It was a night which will go down as the greatest in British athletics, live forever in the memories of the 80,000 crowd lucky enough to witness it and elevate the trio in the Olympic Stadium who delivered it to hero status.
Jessica Ennis, Mo Farah and Greg Rutherford swept to triple glory in the space of a barely-believable 45 minutes on August 4 as Britain won three gold medals in one athletics session for the first time in Olympic history.
Its tag as Super Saturday hardly did justice to the drama and excitement. Yet, just when it seemed things could not get any better, it came round again a week later.
And this time, somehow, it seemed even better, the noise from the crowd even greater, travelling round the stadium like a Mexican wave before reaching a crescendo as the flawless Farah added 5,000 metres gold to go with his 10,000m title he had won seven days earlier and seal his status as one of Great Britain's greatest ever athletes.
Even Usain Bolt paid tribute by performing his 'Mobot' celebration as he brought the Jamaican team home to a world record in the 4x100m relay, the ultimate mark of respect from one legend to another.
For Farah, who dedicated his golden double to his unborn twin daughters, it justified the sacrifices he has made, relocating his wife and young daughter halfway round the world to dedicate himself to training in Portland, Oregon.
It had all started the Saturday before, though. Poster girl Ennis was the first to lead the gold medal charge, claiming a commanding victory in the heptathlon before Rutherford took the title in the long jump and, in a glorious finale, Farah rounded off an astonishing evening with 10,000m gold.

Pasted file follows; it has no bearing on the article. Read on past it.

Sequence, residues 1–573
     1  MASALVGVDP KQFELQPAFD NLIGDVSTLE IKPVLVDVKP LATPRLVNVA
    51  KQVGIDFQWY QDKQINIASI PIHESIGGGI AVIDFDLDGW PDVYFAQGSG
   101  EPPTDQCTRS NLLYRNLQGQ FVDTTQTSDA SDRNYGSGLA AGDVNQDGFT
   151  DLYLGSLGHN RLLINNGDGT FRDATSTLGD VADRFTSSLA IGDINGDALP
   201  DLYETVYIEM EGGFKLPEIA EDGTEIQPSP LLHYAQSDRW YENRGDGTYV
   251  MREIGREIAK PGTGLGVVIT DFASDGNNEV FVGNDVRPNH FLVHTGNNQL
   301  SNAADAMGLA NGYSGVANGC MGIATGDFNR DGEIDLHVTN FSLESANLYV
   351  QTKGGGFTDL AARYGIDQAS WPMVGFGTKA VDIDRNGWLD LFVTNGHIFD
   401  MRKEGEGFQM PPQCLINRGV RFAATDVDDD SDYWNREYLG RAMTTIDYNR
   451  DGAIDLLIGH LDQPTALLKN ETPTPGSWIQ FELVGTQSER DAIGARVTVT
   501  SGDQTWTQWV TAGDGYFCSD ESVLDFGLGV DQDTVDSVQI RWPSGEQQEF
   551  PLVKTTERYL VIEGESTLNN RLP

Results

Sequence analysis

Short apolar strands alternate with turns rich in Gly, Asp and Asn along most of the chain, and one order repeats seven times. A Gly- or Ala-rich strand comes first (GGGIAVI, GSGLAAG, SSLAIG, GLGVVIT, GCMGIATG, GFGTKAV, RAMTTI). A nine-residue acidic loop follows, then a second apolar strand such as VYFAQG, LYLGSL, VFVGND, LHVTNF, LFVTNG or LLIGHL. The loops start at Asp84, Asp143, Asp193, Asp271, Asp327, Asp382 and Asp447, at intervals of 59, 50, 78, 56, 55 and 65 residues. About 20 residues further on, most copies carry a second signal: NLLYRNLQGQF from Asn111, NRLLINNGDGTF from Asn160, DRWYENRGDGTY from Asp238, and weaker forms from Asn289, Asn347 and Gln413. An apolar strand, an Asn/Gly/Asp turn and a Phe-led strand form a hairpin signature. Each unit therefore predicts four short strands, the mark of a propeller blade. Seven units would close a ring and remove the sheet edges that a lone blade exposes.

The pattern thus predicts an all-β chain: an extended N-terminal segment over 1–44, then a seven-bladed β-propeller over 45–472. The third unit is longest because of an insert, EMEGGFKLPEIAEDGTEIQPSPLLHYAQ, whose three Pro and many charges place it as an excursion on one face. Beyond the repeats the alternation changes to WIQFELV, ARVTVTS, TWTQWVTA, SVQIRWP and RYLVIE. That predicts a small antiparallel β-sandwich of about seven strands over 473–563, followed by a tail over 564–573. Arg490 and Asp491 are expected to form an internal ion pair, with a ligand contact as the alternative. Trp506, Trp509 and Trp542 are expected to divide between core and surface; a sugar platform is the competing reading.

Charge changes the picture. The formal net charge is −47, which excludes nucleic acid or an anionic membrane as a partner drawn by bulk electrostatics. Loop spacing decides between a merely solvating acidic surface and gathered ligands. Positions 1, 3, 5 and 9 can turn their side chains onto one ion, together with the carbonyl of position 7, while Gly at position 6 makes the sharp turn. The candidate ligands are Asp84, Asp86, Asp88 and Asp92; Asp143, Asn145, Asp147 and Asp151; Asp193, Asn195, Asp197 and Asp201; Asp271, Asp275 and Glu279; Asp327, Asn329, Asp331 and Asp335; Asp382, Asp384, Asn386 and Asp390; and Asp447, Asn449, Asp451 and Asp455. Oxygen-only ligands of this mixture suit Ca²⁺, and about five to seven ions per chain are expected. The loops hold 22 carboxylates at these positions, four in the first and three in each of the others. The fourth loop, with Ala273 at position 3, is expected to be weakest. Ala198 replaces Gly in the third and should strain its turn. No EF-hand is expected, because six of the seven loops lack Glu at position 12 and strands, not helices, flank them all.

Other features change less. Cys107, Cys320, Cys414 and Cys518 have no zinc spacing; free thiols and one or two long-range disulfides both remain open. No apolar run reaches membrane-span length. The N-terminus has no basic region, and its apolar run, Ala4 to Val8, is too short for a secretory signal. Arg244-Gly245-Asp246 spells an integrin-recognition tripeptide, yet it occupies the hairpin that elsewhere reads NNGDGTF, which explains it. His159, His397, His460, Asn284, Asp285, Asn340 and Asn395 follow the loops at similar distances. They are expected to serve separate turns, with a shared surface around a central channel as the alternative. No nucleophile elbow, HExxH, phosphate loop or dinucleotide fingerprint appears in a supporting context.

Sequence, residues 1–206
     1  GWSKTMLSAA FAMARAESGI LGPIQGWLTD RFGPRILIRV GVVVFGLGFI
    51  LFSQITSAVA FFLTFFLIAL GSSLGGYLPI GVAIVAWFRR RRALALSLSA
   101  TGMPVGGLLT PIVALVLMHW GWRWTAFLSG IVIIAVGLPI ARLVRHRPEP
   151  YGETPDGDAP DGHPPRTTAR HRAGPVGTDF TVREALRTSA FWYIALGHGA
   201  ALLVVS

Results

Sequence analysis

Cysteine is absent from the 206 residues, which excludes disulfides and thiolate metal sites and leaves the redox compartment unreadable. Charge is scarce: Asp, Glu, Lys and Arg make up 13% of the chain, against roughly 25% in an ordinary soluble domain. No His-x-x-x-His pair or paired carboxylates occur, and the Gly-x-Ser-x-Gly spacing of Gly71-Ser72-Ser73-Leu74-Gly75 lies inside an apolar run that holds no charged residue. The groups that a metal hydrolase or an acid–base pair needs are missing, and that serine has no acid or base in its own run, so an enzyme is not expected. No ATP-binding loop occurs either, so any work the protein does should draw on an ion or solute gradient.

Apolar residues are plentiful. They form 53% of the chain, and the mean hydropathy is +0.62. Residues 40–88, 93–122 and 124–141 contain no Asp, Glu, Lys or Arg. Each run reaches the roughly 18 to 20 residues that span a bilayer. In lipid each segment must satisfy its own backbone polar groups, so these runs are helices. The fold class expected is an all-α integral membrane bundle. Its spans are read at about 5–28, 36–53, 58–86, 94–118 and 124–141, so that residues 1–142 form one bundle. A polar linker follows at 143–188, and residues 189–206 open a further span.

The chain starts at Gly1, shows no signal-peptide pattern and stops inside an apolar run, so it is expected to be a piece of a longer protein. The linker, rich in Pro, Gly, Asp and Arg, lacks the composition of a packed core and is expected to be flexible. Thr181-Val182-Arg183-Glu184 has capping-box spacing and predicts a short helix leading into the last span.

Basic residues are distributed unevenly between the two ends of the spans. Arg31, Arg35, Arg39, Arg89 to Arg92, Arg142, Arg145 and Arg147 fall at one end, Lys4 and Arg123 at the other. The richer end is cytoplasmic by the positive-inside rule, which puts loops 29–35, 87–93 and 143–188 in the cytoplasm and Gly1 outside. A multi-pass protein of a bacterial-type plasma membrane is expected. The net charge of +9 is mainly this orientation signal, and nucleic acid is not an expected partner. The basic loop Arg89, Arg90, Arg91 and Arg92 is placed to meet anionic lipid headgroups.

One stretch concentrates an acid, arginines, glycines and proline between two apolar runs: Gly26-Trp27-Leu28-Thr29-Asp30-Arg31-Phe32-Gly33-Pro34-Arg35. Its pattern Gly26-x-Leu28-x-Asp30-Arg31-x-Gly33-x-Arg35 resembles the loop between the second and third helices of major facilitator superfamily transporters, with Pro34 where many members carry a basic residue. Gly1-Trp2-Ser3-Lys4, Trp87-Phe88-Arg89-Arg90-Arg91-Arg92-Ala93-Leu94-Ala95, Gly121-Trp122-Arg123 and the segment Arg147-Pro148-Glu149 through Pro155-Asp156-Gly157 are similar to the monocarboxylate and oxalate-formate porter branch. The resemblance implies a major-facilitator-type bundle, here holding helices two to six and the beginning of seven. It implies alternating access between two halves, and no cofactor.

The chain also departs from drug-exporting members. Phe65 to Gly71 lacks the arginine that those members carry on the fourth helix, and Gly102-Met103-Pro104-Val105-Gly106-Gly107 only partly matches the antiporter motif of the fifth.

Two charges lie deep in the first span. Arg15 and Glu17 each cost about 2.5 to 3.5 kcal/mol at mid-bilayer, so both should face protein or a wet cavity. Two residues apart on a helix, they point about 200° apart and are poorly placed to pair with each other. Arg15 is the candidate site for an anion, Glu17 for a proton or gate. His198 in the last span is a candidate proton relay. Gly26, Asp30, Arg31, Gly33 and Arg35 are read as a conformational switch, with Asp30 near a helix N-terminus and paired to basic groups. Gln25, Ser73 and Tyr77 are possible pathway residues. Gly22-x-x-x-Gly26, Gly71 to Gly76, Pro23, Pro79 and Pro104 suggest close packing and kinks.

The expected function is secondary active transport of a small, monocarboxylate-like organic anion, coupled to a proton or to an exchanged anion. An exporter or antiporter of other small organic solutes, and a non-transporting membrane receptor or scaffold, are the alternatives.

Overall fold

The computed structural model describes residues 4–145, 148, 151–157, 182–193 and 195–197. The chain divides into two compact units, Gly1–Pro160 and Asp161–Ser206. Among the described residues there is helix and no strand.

Ennis admitted she "couldn't believe I've done it", Farah described it as "the best moment of my life" and Rutherford hailed "the most amazing feeling in the world".
For Ennis it was the fulfilment of a dream four years in the making after she missed the Beijing Games through injury and the release of month upon month of mounting pressure as the face of London 2012, her image plastered on billboards the length and breadth of the country.
And she did it in the most emphatic of styles, from a stunning 100m hurdles run on the first morning, when she broke the British record, to the 800m, which doubled almost as two victory laps such was her hold on the gold already.
Each of the three athletes were roared on by the capacity crowd.
And it was the same for every Briton, be they gold medal favourites or rank outsiders, the atmosphere generated inside the stadium one of the undoubted highlights.
It was packed to the rafters for every minute of action, even during morning sessions when the programme would sometimes have struggled to excite even the most die-hard athletics fan.
Teenage heptathlete Katarina Johnson-Thompson summed it up beautifully, mouthing 'wow' at the strength of her overwhelming reception when she was first introduced to the crowd.
"It was surreal," she said afterwards. "I didn't realise I had done it."
There were other notable successes on the track too, Christine Ohuruogu surrendering her 400m crown to American Sanya Richards-Ross, but still taking silver to make fools of the critics who had written her off after a succession of injuries.
Robbie Grabarz won a share of high jump bronze to complete a remarkable rise, having finished last year ranked 28th in the world and with his lottery funding taken away.
But it is that one glorious night in east London, and especially Farah's magnificent, historic double, that will be remembered as three home favourites became heroes.